Nightmares like these are infrequent--the lightning strike, statistically, is nearly insignificant. But no one wants to be the unfortunate statistical anomaly. Some collectors, and nearly all dealers, say that these kinds of stories underscore the greatest flaw in buying at auction. The auction houses are agents, and some of the less reputable ones offer no liability for title (though, by law, they must in New York), provide little or no guarantee that what they've described is what they're selling, and make no binding representations about condition.
Then, there's the bidding. "One more?" It's a question auctioneers often pose to buyers about to drop out of the bidding. (As if one is enough.) Many people, having breached the price limit they've set for themselves, find their egos lifting the paddle again. And again. They want to win.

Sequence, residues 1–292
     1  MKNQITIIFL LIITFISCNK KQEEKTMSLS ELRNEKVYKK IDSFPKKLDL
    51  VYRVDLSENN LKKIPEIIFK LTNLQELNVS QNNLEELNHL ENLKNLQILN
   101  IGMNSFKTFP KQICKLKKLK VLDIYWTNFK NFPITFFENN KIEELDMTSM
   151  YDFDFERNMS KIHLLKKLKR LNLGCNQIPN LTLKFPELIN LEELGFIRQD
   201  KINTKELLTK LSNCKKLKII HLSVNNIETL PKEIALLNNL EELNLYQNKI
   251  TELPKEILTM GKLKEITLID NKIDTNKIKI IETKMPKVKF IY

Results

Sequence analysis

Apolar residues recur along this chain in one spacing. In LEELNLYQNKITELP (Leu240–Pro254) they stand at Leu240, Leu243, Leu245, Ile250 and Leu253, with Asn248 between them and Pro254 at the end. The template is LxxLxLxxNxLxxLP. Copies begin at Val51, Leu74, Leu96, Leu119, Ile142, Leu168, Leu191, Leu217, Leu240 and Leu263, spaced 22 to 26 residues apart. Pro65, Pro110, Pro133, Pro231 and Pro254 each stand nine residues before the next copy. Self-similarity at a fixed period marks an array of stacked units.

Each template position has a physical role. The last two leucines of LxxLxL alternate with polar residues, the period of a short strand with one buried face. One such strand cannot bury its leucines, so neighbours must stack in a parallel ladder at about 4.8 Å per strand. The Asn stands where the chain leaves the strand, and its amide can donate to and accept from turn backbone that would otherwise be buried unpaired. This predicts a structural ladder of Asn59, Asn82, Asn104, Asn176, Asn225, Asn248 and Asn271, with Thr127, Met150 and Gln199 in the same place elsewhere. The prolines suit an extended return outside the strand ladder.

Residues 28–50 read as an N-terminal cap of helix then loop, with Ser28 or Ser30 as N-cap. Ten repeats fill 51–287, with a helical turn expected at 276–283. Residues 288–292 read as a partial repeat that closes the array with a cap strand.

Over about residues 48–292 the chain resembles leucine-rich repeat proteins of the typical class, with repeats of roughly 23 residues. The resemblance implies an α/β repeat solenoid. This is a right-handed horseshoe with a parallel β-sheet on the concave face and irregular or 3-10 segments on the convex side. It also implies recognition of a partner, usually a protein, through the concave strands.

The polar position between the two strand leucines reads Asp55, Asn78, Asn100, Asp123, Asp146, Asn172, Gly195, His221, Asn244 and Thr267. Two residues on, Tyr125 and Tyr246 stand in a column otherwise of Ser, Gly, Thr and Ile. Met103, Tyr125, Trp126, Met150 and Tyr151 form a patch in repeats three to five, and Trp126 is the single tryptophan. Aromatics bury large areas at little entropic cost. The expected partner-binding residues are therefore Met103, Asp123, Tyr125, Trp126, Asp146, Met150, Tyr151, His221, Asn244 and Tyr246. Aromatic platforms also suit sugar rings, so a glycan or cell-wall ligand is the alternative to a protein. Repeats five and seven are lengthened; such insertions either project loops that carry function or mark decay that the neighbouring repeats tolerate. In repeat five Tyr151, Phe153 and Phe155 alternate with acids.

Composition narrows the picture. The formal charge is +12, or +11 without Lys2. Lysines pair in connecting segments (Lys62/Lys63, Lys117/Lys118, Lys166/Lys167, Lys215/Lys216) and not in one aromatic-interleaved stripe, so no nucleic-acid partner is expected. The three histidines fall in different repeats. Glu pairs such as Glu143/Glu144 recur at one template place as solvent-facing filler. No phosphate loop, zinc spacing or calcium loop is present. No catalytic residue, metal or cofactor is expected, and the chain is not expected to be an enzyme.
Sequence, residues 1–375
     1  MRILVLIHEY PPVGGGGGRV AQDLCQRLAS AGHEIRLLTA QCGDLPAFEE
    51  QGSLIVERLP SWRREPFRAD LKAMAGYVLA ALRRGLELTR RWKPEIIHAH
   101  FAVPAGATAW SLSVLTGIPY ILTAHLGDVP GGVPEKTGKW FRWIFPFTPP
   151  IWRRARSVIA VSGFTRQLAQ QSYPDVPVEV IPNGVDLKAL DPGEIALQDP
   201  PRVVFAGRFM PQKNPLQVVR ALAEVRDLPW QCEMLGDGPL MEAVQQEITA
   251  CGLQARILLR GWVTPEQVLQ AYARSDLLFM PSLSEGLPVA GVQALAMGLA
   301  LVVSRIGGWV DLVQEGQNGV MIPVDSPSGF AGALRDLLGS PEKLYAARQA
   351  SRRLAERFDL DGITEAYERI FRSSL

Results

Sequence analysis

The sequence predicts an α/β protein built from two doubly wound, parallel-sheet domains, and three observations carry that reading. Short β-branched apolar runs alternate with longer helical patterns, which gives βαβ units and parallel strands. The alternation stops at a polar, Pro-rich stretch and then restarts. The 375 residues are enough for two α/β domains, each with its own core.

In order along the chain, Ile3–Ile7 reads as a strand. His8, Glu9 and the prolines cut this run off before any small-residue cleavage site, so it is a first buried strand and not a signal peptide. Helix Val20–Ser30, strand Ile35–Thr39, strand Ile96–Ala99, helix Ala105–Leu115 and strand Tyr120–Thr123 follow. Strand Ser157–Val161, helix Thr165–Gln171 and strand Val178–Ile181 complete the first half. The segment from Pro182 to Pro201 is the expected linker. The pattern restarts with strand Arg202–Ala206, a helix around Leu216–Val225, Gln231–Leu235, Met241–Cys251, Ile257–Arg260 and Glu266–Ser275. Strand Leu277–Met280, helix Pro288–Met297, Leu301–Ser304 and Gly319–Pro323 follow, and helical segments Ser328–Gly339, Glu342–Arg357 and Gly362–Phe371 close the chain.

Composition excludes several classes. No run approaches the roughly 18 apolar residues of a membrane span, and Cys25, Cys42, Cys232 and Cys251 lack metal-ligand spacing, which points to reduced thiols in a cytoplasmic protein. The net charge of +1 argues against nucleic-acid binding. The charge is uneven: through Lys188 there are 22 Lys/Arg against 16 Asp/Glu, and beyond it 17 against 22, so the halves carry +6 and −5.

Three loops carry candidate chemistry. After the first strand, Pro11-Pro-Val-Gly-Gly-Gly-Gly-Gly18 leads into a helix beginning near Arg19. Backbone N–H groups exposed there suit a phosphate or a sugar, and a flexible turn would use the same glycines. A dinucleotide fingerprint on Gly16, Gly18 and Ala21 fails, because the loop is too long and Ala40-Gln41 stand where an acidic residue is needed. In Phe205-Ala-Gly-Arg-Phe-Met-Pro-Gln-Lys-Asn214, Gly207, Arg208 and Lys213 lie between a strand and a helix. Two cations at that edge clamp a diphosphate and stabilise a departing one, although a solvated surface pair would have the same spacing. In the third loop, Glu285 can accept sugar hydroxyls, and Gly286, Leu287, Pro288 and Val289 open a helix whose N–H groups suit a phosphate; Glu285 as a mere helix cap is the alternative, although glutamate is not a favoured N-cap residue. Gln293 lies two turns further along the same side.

A few years ago, Christopher Hartop fell in love. The object of his desire was a poster for sale at a small country auction house in upstate New York, where Hartop has a weekend house. The poster wasn't famous, or expensive. No original King Kong image, or Alphonse Mucha woman dripping in Art Nouveau garb--the kind of things collected by people around the globe. The poster showed an old tow path along the old Delaware-and-Hudson Canal, near his country house, and he wanted it. He figured he'd get it for "around $20 or $30--something like that," Hartop recalls.